Domestic Asset Protection Trusts & Economic Uncertainty: What You Need to Know

In 2016, West Virginia became the sixteenth American state to legalize “domestic asset protection trusts” (DAPTs), a legal concept that allows investors to shelter their assets inside a specialized trust fund. This strategy can be extremely effective in terms of wealth and portfolio management — but the laws are complex and require careful evaluation before making a decision.

Asset Protection Planning: an Overview

In general, a trust simply refers to a legal arrangement in which an asset owned by one person (the grantor or trustor) is transferred to another (the trustee) for the benefit of a designated third party (the beneficiary). The trustee may be reimbursed for their services, but does not actually own the property, and is obligated to act in the beneficiary’s best interests.

Although we discussed the practical uses of an asset protection trust in a previous blog, we did not discuss DAPTs specifically.

Domestic Asset Protection Trusts

DAPTs are commonly referred to as “self-settled,” meaning that the grantor and the beneficiary are one and the same. The trustee controls how and when the grantor is able to access their own funds. In practical terms, this presents several advantages. The grantor is separated from legal ownership of their assets, and thus the responsibility for them. Since the distribution of these assets is entirely up to the trustee, they have the flexibility to deny creditors, former spouses and other claimants’ access.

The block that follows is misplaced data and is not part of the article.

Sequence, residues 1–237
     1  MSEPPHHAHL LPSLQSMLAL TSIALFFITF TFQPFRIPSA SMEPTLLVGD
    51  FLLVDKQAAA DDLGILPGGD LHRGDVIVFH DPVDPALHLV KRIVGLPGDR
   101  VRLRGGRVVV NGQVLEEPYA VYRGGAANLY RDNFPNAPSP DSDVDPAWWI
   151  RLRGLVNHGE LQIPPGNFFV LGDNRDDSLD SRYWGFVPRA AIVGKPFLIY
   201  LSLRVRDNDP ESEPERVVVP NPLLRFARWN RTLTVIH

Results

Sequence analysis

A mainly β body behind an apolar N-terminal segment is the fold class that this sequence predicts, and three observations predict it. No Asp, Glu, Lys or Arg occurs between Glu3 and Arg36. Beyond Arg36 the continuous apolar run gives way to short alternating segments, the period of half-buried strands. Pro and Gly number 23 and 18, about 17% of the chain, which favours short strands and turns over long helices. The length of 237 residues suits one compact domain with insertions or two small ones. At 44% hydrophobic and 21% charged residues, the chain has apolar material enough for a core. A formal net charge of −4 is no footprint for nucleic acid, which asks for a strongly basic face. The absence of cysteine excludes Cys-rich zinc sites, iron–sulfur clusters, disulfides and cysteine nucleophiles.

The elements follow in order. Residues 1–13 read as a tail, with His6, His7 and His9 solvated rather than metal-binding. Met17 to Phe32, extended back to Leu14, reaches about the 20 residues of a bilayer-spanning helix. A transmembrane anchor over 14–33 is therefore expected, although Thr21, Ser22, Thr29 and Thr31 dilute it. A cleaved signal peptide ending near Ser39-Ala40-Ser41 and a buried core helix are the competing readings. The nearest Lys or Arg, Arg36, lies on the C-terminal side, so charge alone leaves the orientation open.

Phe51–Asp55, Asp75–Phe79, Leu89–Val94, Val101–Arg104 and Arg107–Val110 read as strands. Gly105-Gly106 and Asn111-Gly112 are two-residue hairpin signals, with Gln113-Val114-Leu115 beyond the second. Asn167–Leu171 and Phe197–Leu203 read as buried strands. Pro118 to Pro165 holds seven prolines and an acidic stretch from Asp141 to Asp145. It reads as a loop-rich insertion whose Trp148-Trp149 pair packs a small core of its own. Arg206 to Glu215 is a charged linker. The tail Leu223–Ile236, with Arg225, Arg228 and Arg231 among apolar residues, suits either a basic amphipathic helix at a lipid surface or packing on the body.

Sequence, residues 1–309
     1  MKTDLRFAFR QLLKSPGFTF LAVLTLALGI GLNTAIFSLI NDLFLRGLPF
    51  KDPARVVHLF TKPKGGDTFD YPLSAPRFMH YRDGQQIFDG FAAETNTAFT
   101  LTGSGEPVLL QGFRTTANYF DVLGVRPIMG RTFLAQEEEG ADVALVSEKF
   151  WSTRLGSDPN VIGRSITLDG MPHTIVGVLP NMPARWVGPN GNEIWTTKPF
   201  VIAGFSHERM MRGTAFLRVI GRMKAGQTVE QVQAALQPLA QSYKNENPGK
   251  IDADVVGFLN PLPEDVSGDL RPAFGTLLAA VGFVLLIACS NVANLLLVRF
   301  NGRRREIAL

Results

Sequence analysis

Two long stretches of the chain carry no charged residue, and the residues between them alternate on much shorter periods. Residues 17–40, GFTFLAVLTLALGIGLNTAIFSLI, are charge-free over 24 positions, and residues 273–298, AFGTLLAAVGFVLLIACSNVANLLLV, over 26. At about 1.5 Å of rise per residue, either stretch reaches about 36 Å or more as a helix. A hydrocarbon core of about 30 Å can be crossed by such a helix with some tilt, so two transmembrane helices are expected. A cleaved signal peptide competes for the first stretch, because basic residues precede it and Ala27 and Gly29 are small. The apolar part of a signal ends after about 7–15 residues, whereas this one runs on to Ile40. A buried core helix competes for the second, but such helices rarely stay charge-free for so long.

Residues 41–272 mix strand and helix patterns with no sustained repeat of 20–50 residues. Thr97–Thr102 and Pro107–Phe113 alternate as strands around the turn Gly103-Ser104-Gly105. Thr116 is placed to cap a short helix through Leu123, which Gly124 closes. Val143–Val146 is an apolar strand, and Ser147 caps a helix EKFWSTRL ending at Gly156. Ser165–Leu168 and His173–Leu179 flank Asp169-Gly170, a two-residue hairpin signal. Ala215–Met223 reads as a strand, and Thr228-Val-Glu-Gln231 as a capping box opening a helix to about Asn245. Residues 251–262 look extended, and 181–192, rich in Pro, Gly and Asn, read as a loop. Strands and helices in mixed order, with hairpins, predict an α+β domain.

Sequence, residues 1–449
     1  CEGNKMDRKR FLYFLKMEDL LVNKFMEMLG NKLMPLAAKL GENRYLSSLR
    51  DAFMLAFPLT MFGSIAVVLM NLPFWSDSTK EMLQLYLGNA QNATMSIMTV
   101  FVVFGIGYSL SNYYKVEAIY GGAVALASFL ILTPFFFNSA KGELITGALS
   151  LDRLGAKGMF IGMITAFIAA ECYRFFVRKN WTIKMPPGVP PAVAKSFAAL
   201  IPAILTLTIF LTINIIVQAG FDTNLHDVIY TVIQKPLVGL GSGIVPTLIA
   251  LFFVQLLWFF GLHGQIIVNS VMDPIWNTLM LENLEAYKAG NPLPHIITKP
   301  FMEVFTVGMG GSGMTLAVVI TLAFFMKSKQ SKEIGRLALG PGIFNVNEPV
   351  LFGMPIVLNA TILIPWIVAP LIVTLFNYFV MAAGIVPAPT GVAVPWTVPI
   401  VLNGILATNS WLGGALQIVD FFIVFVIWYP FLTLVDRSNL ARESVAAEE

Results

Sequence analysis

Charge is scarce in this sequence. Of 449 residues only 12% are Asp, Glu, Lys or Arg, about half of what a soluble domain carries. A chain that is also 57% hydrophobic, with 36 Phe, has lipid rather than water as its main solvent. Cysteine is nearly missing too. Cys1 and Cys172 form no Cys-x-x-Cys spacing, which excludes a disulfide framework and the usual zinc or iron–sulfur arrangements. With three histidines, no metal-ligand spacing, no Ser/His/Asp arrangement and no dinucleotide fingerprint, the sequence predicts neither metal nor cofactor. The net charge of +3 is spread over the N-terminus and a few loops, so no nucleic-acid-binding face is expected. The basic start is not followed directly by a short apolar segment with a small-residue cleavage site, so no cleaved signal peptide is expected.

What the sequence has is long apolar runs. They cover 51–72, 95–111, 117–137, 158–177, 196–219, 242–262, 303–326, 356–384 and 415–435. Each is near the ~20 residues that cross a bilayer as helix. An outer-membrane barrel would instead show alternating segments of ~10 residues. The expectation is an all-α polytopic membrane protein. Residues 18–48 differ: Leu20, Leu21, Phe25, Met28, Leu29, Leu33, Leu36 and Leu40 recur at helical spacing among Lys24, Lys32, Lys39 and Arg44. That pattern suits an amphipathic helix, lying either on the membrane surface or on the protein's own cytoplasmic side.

However, a DAPT cannot be created with property that is currently under dispute: it must be set up before any problems arise.

Domestic Asset Protection Trusts and Global Uncertainty

With a shaky global economy further destabilized by Britain’s departure from the European Union (commonly known as “Brexit”), US financial regulators are likely to increase focus on keeping American funds inside of American borders. This means that offshore trusts will become less viable as a wealth protection strategy, making DAPTs an appealing proposition. Their legalization has risen steadily over the past twenty years, with Delaware and Alaska starting the trend in 1996 and Mississippi and West Virginia joining most recently.

State-by-State Regulations for Asset Protection Trusts

While the general purpose of asset protection trusts remains the same everywhere, states have dramatically different regulations on their functionality. Nevada, for example, is a generally “debtor-friendly” area that prevents trust-protected assets from access by former spouses seeking alimony or child support. In other areas, these claims are sufficient reason to pierce a DAPT without the trustee or grantor’s consent.

Asset Protection Planning with Cohen & Burnett

Cohen & Burnett has provided estate planning and administration, asset protection planning, and trustee and executor services in Washington, D.C. for over 25 years. To explore your options with our trusted legal professionals, visit our homepage or contact us today.



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